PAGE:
Terrified at the impact of a test detonation from his Manhattan Project’s scientific research, physicist Oppenheimer famously quoted Vishnu from the Hindu Bhagavad Gita, saying, “I am become Death, the destroyer of worlds.”

Certainly, this brilliant scientist had forgotten what Max Weber stated more than 100 years ago in Germany (Oppenheimer read and spoke German): Science is a powerful technique and a process, it cannot create values. The great sociologist Weber writing in Munich in 1919, paraphrased Leo Tolstoy:

Science is meaningless because it has no answers to
the only questions that matter to us:
‘What should we do? How shall we live?” [quoted in Brown, p. 60]

When true science slips into scientism, great scientists like Oppenheimer and Edward Teller then make what are, in fact, irresponsible political decisions under the guise of technical expertise, what some would term “scientism.”

Danish nuclear physicist Niels Bohr warned Oppenheimer about this danger, and later gave little assistance to the Manhattan Project.

Without bedrock moral and social values, how can we control our increasingly mighty creations such as bio-weapons, ChatGPT (runaway AI), hedge fund managers scamming their undeserved billions, foreign entities bribing our politicians, or a Vladimir Putin choosing to nuke a Ukrainian city?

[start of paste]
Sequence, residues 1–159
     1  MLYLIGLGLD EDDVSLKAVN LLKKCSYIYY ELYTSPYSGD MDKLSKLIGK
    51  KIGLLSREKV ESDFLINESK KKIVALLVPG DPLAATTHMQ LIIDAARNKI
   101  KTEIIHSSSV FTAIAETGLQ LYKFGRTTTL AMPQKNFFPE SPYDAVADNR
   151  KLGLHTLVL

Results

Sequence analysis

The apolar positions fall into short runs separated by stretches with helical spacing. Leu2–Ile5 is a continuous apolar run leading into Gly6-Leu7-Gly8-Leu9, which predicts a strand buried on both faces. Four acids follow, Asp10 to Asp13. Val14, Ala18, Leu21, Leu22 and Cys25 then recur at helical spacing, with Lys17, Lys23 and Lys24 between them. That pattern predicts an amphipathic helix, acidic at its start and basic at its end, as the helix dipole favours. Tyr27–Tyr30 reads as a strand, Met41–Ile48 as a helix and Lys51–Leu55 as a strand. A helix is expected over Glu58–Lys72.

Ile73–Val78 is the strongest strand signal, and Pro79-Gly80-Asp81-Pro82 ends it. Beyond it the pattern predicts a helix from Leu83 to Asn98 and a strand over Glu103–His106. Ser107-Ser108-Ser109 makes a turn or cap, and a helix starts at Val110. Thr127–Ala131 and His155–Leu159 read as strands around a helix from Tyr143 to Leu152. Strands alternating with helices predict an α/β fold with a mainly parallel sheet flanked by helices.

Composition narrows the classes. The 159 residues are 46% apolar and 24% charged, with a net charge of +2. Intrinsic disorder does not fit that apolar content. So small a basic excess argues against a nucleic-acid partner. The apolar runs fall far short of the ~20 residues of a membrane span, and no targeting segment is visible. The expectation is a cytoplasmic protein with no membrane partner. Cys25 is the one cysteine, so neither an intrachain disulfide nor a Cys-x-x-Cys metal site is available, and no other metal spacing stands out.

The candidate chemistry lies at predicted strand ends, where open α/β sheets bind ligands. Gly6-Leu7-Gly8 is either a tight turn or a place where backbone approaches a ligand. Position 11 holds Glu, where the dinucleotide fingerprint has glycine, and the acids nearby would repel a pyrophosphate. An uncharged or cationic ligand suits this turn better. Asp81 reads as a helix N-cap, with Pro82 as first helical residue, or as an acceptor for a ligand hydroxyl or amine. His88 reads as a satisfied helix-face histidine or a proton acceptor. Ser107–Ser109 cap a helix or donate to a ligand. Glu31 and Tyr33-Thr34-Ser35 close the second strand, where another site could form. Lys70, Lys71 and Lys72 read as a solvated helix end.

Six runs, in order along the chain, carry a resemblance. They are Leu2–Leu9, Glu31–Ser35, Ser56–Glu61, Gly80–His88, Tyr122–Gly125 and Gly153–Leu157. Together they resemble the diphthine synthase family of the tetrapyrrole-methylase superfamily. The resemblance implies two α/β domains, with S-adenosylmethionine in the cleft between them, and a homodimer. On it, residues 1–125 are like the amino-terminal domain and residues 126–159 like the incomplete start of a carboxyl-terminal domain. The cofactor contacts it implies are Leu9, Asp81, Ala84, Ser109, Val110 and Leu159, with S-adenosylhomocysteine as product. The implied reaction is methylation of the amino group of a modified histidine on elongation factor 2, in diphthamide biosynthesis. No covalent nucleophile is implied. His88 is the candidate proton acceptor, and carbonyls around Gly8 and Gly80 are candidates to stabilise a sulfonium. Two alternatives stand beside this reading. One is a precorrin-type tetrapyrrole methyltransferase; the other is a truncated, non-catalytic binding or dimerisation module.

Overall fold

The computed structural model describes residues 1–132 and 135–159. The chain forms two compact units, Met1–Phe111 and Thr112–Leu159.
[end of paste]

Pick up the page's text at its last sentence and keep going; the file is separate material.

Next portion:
Minus a deep spiritual outlook, and after science has toppled religious and theological accounts of order and meaning, we’ve learned to our horror that “science” cannot replace what it destroys. Maintaining a spiritual outlook requires serious individual work.

How can we reweave a shared values-web to support the common good and withstand the blandishments of value-free scientism? 


Click here for more about scientism, and click here for more about the Manhattan Project.

Jaron Lanier, “You Are Not a Gadget” (2010); J. Tolentino, “The Age of Instagram Face” in The New Yorker.

Martin Luther King’s three giant triplets: click here. The “Bhagavad Gita” is a Hindu scripture and source for the “I Am Become Death” quote; we hear this in Christopher Nolan’s new film, “Oppenheimer.” Wendy Brown, “Nihilistic Times — Thinking with Max Weber” (Harvard 2023).

Dan McCaslin is the author of Stone Anchors in Antiquity and has written extensively about the local backcountry. His latest book, Autobiography in the Anthropocene, is available at He serves as an archaeological site steward for the U.S. Forest Service in Los Padres National Forest. He welcomes reader ideas for future Noozhawk columns, and can be reached at The opinions expressed are his own.